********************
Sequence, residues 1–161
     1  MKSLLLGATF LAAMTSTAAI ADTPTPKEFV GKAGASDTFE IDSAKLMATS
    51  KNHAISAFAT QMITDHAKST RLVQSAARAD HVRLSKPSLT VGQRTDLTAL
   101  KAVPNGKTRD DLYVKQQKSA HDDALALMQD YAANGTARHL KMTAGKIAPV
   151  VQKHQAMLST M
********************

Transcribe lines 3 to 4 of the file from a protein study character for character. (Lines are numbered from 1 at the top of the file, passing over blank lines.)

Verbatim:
    51  KNHAISAFAT QMITDHAKST RLVQSAARAD HVRLSKPSLT VGQRTDLTAL
   101  KAVPNGKTRD DLYVKQQKSA HDDALALMQD YAANGTARHL KMTAGKIAPV